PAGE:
In January, just before I left for Alaska, I stopped by my clever friend’s house to deliver cooked vegetables from stock making to her chickens. She pointed across a little lane from her garden to a single snowdrop blooming in the shelter of a hedge.
On the airplane I kept thinking of that snowdrop as I read nearly all of Marta McDowell’s “Beatrix Potter’s Gardening Life: The Plants and Places that Inspired the Classic Children’s Tales.” McDowell’s focus is on Beatrix as a gardener. (Although more proper in form, it’s hard to call her Potter, McDowell acknowledges the same problem in her introduction).
It’s a gardening book about a long life of creativity, a perfect companion to Linda Lear’s comprehensive “Beatrix Potter: A Life in Nature,” and a book to buy as a real book. The beautifully designed volume combines text with Beatrix’s watercolors, drawings, and illustrated letters, along with photographs from those days and these, and maps.
McDowell describes Beatrix’s childhood in London, exploring city gardens, and summers spent in the countryside, where her passion for drawing and the natural world began. In the second section of the book, McDowell writes in the present tense using Beatrix as protagonist, giving immediacy to her description of the months of the gardening seasons.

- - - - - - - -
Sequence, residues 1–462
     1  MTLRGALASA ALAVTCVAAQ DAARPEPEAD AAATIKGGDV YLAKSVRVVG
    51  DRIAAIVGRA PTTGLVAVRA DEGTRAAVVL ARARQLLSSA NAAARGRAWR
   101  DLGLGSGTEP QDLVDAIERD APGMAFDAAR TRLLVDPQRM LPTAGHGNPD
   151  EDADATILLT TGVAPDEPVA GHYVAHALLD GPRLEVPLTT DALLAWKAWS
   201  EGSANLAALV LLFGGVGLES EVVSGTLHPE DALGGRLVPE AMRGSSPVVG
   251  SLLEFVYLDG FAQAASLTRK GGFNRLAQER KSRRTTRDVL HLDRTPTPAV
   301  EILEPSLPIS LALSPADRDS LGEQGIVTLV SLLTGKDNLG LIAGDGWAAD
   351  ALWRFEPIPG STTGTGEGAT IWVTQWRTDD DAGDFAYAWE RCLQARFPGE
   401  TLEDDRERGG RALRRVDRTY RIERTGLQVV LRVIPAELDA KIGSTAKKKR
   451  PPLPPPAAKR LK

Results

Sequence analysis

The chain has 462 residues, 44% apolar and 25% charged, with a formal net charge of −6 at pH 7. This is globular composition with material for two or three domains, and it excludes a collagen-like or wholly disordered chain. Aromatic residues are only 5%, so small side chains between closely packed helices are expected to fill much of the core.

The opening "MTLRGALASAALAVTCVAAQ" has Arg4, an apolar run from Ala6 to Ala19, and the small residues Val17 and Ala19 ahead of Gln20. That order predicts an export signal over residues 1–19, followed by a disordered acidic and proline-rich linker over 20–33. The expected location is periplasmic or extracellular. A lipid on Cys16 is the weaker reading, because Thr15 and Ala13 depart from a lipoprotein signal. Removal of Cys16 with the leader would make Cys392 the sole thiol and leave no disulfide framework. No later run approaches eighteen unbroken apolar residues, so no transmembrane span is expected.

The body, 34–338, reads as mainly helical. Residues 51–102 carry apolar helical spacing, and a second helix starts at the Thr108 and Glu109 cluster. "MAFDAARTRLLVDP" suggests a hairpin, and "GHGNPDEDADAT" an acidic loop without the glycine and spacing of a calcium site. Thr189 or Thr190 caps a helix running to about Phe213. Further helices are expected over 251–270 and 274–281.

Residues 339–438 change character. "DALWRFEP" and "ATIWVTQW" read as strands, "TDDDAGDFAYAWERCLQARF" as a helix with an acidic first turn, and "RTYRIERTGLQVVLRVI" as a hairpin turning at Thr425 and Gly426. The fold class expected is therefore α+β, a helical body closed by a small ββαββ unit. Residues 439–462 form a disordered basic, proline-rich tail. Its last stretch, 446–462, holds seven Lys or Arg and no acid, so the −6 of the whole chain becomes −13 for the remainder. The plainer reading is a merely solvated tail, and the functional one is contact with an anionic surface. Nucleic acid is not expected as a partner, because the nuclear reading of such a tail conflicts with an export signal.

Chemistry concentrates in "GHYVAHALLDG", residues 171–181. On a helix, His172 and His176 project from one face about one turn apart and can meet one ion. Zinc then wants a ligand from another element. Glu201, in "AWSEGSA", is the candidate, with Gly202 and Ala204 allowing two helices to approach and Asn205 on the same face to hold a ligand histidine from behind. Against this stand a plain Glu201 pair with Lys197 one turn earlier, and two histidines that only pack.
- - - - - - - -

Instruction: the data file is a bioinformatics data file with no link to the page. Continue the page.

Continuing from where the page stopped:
She writes about the time, just two months after her beloved Norman Warne died, when Beatrix bought Hilltop Farm, near Sawrey in the Lake District, and began to build her own garden – a cottage garden “combining traditional materials, informal dense plantings, and a mixture of ornamental and edible plants.” (Beatrix once wrote: “There’s nothing like open air soothing present anxiety and memories of past sadness.”)
McDowell’s third section tells of the pleasure to be had now in a visit to the Lake District. You can visit Hilltop Farm, set in pastoral English countryside – much of it protected by the efforts of Beatrix Potter. (One might say, “saved by Peter Rabbit.”) Even after reading Lear’s book and watching the movie “Miss Potter,” it hadn’t registered how many painting backdrops – gardens, villages, and streets – were actual places, and some still exist.
The descriptions of the Lake District garden year sound much like the Pacific Northwest, “storage apples going out as rhubarb comes in,” then our same progression begins – “snowdrops, primula, pansies, aquilegia, foxglove, clematis.”
And it starts in January. The evening we returned home, our headlights lit up the courtyard garden, and I could see standing in short spikes – though not blooming yet – patches of snowdrops.